“We’re several months behind schedule right now,” says John Farrow, CEO and president of Santa Rosa-based Farrow Construction, a residential and commercial builder that will work the Paradise cleanup. “We should have been clearing already. We’re at least two years out from having a meaningful number of homes being erected.”
Most of the homes in Paradise were built long before California’s wildland-urban interface building code went into effect in 2008. The WUI code requires homes in high fire hazard areas to be built with, among other things, interior sprinklers; a fine mesh on attic vents to keep embers out; tempered glass, which can withstand temperature changes and is stronger than standard glass; and fire-resistant walls, roofs and other exterior materials. The code also requires the removal of flammable materials and landscaping near homes and businesses.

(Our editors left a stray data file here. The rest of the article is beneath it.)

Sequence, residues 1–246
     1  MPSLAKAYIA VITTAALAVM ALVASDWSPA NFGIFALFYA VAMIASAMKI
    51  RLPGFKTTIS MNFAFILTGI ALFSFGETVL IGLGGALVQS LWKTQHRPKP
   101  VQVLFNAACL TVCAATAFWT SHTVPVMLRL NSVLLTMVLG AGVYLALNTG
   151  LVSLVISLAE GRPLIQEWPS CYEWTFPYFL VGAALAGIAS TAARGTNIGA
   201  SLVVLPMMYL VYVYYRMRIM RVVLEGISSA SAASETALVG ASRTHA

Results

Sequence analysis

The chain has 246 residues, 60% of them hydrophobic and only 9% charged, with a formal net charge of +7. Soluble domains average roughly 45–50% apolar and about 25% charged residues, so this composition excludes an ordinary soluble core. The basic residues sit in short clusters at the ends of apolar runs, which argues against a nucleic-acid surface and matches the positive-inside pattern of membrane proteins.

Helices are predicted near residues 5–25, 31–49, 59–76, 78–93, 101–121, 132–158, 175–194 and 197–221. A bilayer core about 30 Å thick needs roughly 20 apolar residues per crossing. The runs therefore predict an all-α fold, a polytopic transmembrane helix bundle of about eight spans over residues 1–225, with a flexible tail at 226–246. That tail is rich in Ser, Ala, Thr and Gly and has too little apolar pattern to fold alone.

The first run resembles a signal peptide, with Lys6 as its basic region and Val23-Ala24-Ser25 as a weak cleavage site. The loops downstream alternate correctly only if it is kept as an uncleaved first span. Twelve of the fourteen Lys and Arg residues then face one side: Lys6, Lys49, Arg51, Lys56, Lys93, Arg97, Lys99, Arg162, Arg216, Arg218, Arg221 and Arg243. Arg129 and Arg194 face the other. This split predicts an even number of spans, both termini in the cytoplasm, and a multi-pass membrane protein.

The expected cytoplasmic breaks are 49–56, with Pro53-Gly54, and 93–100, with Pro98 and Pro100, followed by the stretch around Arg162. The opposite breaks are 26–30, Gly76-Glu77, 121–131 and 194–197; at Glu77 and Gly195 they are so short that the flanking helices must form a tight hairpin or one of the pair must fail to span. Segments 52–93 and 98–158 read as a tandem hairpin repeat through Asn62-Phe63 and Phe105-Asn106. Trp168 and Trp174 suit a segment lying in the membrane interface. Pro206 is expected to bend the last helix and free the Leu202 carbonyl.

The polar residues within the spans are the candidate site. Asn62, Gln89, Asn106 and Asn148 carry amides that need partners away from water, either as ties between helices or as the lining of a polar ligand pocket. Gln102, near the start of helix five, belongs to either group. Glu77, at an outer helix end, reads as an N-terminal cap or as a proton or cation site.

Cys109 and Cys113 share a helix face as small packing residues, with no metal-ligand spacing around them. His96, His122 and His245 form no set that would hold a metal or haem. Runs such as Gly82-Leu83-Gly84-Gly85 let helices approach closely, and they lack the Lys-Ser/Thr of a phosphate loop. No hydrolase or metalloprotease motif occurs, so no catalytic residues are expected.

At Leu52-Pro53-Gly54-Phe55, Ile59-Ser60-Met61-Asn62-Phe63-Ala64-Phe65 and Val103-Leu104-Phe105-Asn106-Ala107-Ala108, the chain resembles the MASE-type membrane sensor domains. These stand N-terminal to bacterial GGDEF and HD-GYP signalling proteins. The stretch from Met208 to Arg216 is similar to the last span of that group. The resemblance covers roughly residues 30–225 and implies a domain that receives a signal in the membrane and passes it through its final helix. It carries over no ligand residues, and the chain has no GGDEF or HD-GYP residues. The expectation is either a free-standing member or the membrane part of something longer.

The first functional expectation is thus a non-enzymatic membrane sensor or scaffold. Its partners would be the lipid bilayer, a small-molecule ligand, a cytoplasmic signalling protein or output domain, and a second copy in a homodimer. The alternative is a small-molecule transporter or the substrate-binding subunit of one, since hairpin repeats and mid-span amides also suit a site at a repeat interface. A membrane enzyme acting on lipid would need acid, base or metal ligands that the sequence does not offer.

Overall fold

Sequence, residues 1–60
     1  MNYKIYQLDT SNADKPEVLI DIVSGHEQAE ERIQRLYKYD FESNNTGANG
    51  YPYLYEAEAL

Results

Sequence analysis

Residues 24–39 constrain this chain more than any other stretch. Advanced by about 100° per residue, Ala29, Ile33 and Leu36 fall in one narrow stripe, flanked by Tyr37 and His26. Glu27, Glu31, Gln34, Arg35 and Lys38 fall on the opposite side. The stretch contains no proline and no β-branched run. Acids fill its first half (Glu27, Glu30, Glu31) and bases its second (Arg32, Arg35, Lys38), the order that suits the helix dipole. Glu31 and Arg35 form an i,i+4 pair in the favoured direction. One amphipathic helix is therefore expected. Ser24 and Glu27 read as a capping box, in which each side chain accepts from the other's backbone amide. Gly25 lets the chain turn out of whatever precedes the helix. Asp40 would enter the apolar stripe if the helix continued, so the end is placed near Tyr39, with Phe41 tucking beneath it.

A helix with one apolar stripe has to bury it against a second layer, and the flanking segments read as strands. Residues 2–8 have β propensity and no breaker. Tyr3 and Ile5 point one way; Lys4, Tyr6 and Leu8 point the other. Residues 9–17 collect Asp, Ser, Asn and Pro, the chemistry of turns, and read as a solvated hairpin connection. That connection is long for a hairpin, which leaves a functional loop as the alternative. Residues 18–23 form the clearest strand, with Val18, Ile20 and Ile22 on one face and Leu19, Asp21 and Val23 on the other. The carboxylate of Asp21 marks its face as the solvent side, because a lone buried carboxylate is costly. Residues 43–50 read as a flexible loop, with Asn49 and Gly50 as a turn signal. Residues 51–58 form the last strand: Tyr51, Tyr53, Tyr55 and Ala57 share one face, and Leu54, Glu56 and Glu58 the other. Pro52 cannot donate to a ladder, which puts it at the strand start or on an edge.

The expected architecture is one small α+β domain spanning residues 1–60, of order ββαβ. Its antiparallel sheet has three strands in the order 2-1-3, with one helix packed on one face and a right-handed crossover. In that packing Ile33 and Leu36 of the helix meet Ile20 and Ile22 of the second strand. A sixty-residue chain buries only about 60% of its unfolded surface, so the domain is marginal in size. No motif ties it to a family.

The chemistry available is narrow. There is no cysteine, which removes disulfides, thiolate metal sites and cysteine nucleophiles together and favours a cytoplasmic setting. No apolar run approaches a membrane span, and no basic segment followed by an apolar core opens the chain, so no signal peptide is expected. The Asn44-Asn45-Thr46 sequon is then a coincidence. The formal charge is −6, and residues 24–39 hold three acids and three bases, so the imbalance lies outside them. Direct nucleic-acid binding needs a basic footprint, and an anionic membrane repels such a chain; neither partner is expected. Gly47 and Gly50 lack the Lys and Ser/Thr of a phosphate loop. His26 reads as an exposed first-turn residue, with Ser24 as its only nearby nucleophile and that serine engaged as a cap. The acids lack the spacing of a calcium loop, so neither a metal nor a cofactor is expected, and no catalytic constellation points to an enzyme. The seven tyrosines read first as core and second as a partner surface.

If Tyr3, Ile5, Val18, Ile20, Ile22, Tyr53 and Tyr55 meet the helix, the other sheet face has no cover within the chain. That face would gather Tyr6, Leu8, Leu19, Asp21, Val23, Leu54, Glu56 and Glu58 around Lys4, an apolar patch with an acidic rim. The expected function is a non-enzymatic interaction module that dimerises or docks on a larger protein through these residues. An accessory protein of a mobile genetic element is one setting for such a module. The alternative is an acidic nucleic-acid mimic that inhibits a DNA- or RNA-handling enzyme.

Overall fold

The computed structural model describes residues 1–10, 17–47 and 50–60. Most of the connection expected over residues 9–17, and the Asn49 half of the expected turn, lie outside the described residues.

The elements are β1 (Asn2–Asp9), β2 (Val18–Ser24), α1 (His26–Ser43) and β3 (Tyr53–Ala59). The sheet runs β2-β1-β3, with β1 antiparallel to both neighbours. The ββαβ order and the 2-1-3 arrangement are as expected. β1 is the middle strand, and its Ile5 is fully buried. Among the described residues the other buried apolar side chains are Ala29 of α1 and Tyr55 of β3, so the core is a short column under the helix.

“The residents we’ve talked to do, by and large, want to build back, but they understand that you can’t build under the old building codes,” Long says. “We have to be smarter when we build back. And this is part of resiliency.”
But even meeting the WUI code doesn’t guarantee that homes won’t burn. The majority of homes that burned in the 2017 Southern California Thomas Fire had fire-resistant exteriors and fire-resistant roofs.
Nothing Is Fireproof
“No building material is completely fireproof,” says Julio Ramirez, Purdue University civil engineering professor and director of the Natural Hazards Engineering Research Infrastructure center.
Traditional fire prevention measures, such as cutting a fire buffer, also wouldn’t have helped Paradise.
“There are all kinds of ‘silver bullets.’ But you have to understand that [the Camp Fire] wasn’t a fire front. It was raining matches. That’s what you have to defend yourself from,” Long says.